St John's Church, Torquay

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St Johns Church, Torquay
Torquay, church of St. John - geograph.org.uk - 1469642.jpg
St Johns Church, Torquay
St Johns Church, Torquay is located in Devon
St Johns Church, Torquay
St Johns Church, Torquay
Location within Devon
50°27′47″N 3°31′28″W / 50.46306°N 3.52444°W / 50.46306; -3.52444Coordinates: 50°27′47″N 3°31′28″W / 50.46306°N 3.52444°W / 50.46306; -3.52444
LocationTorquay
CountryEngland
DenominationChurch of England
History
DedicationSaint John the Evangelist
Architecture
Heritage designationGrade I listed[1]
Designated20 November 1952
Architect(s)George Edmund Street
Specifications
Length129 feet (39 m)
Width52 feet (16 m)
Nave width28 feet (8.5 m)
Height56 feet (17 m)
Administration
ParishTorquay
DeaneryTorbay[2]
ArchdeaconryTotnes
DioceseExeter
ProvinceCanterbury

St John the Evangelist’s Church, Torquay is a Grade I listed parish church in the Church of England Diocese of Exeter on Montpellier Terrace in Torquay, Devon.[3]

History[edit]

The church started life in 1823 as a chapel-of-ease to the parish church at Tormoham. The current building was designed by George Edmund Street and built between 1861 and 1873. The chancel was built first by Wall and Hook of Brunscomb, Gloucester at a cost of £4,000. It chancel was consecrated by the Lord Bishop of Jamaica, Rt. Revd. Aubrey Spencer acting for the diocesan bishop, on 8 November 1864.[4] It contained carving by Thomas Earp and mosaic work by Antonio Salviati.

The north aisle was completed next and opened in 1866. Construction on the nave and south aisle was begun in 1870 and it opened on 2 April 1871.

The west tower was completed in 1884-85 at a cost of £2,000 to the designs of Arthur Edmund Street and the contractor being Mr. Chubb of Torquay. Special services were held on Thursday 30 April 1885 to mark the completion of the tower.[5] A new bell was dedicated on 7 October 1885 which was cast in E flat by Warner and Son of London with a weight of nearly 19 cwt. [6]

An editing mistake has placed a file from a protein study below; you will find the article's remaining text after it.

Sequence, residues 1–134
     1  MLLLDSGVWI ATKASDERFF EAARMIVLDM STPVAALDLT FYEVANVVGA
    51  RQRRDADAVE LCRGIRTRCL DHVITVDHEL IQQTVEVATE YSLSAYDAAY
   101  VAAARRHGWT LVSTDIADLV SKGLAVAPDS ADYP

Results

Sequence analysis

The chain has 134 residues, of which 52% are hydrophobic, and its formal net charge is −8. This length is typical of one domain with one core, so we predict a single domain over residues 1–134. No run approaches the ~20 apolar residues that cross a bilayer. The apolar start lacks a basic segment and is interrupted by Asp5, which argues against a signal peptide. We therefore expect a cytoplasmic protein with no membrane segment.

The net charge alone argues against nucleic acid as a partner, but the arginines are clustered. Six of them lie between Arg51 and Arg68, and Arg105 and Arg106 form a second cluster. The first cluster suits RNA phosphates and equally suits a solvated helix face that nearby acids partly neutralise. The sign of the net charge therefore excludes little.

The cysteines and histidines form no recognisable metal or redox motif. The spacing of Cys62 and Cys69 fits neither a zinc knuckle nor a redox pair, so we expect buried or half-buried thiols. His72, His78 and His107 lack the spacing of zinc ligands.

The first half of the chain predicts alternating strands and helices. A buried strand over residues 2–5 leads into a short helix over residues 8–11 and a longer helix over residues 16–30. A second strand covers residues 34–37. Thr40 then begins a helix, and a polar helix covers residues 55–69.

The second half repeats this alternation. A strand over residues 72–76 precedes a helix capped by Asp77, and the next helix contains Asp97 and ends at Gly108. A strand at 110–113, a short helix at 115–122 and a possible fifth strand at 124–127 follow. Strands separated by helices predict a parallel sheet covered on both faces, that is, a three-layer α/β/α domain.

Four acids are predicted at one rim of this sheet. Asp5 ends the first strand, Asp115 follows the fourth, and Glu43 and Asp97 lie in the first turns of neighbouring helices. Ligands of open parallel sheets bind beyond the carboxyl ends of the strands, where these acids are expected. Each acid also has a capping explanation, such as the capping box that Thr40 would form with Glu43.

The lady chapel was decorated between 1888 and 1890 by John Dando Sedding. The chapel was divided from the chancel and aisle by iron grills, and approached by a polished Torquay marble step was the ornate altar and reredos. New seating of oak was placed on oak platforms and the floor. The fronts and back were carved and traceried, and the ends of the seats had fleur de lis termination, and the sides had shields with sunken carved panels with scenes from The Passion. The work was carried out by Harry Hems of Longbrook Street, Exeter.[7]

Incumbents[edit]

  • John ???? 1823 - 1825
  • James Yonge 1825 - 1828
  • Algernon Grenfell 1828 - 1831
  • Charles Lane 1831 - 1837
  • William George Parks Smith 1837 - 1870
  • Charles Edward Ricketts Robinson 1870 - 1881
  • Harry William Hitchcock 1881 - 1886
  • Basil Reginald Airy 1886[8] - 1924 (formerly vicar of Whitwell, Yorkshire)
  • Robert James Edward Boggis 1924 - 1944
  • Sir (Arthur) Patrick Ferguson Davie, 5th Baronet 1945 - 1948
  • J.S. Sproule 1948 -
  • Anthony T. Rouse ca. 1957
  • W.H. Dormor ca. 1862

Organ[edit]